Tropic of Capricorn:
The Royal Navy, Part Three
While the Second Great War alternative history is an opportunity to make up an entire world, I do try to keep the ships within it tethered to reality as much as possible. When I wrote Great War at Sea: Jutland 1919, I added battleships and cruisers designed but never built to our Jutland game. I knew from the start that I’d want to craft modernized versions of them for Second Great War at Sea.
Second Great War at Sea: Tropic of Capricorn doesn’t have any of the drawing-board battleships introduced in Jutland 1919, but it does sport a pair of the British fast armored cruisers requested by Sir John Jellicoe – ships capable of carrying out the roles of supporting the fleet screen and hunting down enemy commerce raiders, without the need for battleship-caliber main guns.
The cruisers would have been retained in service and modernized; they carried a more powerful armament than that allowed for heavy cruisers (9.2-inch guns against the standard 8-inch weapons of the Treaty cruisers) and displaced 16,000 tons - considerably more than the Treaty limit of 10,000 tons. That gave them plenty of range, and plenty of deck space for anti-aircraft weapons – though in the world of the Second Great War, with aircraft development significantly behind that of our own world the need for such capability is much less. But while most British treaty cruisers would lose their aircraft facilities and one of their main armament turrets in order to fit more electronics, light weapons and accommodations for the additional crew to operate them, the big armored cruisers could add all of these without losing weaponry or speed.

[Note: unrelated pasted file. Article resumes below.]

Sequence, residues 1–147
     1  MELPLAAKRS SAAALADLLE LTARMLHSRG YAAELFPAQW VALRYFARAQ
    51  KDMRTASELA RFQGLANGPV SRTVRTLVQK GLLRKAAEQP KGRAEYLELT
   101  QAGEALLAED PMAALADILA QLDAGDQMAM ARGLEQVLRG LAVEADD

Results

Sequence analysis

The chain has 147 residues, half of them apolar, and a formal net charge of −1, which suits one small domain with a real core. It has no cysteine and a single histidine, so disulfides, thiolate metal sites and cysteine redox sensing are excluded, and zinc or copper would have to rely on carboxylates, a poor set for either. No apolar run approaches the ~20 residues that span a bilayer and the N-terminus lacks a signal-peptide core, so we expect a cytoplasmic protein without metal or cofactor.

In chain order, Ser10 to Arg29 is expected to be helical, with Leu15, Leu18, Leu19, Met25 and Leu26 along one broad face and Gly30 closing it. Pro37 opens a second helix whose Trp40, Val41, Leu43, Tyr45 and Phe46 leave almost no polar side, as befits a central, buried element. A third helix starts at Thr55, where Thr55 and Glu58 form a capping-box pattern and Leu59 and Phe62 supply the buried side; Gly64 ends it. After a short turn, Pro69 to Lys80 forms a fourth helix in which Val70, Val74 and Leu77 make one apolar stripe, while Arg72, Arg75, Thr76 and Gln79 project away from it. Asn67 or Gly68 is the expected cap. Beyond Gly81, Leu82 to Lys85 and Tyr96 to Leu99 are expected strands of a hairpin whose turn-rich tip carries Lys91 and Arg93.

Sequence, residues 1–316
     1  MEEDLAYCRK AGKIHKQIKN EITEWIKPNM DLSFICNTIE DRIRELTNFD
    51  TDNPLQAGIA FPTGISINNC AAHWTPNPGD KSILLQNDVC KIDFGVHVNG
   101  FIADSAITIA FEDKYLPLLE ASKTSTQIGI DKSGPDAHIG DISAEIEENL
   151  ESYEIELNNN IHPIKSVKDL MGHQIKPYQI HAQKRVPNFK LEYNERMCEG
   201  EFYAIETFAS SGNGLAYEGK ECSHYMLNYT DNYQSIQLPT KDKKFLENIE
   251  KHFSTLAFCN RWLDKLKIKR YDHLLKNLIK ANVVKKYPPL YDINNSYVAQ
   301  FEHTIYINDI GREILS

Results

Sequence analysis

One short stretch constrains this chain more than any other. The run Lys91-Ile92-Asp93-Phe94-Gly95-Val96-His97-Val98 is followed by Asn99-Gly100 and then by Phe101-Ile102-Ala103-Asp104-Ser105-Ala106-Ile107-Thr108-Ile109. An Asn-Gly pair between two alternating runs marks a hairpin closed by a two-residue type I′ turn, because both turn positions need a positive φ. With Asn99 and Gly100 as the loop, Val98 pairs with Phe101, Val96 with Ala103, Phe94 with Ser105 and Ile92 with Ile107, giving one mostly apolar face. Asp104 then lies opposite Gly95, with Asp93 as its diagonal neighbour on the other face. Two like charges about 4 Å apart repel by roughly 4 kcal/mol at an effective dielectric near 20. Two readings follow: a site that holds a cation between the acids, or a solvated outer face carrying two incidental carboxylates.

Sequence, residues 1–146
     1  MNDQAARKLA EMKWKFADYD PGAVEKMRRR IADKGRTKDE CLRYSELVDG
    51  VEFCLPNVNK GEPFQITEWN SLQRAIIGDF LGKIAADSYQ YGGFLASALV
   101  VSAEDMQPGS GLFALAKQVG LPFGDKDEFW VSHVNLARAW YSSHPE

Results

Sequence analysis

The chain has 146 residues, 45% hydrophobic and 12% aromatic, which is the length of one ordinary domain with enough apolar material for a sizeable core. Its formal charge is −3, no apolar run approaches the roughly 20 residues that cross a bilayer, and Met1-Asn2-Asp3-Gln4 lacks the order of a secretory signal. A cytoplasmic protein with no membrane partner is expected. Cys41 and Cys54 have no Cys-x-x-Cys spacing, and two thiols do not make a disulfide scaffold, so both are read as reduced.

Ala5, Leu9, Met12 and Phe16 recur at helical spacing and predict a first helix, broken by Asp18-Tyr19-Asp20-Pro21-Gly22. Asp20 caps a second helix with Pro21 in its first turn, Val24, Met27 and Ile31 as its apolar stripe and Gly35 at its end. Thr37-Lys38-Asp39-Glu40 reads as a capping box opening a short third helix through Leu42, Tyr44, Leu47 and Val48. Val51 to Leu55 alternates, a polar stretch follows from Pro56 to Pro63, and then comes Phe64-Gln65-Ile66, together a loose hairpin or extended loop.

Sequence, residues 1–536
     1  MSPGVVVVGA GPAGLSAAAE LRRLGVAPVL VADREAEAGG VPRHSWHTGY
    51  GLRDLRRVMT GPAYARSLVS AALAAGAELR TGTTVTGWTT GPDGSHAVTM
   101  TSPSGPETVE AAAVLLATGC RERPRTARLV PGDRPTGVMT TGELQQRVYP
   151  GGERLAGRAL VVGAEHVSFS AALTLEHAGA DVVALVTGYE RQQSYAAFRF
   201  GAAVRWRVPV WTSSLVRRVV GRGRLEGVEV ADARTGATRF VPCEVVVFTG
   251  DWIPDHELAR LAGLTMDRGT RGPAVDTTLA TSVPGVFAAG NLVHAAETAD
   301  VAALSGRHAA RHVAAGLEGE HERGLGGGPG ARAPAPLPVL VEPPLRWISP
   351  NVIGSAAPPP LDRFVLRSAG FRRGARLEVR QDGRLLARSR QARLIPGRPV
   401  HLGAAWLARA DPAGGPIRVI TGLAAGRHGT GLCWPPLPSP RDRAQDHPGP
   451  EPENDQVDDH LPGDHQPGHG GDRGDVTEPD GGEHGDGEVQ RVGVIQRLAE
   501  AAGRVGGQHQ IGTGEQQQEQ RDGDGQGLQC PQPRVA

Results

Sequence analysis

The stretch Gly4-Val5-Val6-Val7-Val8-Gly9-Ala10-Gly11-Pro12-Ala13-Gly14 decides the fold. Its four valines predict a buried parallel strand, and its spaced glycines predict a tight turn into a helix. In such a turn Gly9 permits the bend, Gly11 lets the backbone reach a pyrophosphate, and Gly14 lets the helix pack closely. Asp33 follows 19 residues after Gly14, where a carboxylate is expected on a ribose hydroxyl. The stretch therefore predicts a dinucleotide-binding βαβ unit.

While the 9.2-inch Mark XVI is not as good a weapon as the German 210mm SK L/50 that arms a pair of the newest Brazilian heavy cruisers, it still outmatches the guns of most other cruisers. The big armored cruisers are a little slow to serve as escorts for the newest aircraft carriers, but admirably suited to accompany the older flattops. Two of them appear in Tropic of Capricorn, escorting the small British carrier task force. They also get to tangle with Brazilian cruisers.
The small British task force also includes a pair of light cruisers. Desperate is a Great War-era D-class cruiser, modernized for a new war along the same lines as her sisters. The real Desperate was laid down in the summer of 1918 under the War Emergency Program and cancelled two weeks after the war ended. The modernized D-class saw a great deal of service in the early years of the actual Second World War, in secondary theaters for the most part. Most were retired before the war ended. Like her sisters, Desperate is really too slow to serve as an effective carrier escort and relatively lightly armed.
The other old cruiser, Euphrates, likewise is the third ship of the E class (sister to Enterprise and Emerald), laid down in the summer of 1918 but cancelled in November unlike her sisters. The E class was designed for higher speed and greater endurance than previous light cruisers, to allow them to run down and destroy the fast German minelaying cruisers Brummer and Bremse. They carried a slightly heavier gun armament (seven six-inch guns, rather tha the six of the D-class), a strong torpedo array (a whopping sixteen tubes) and when new could make 33 knots, all of which required a substantially larger hull.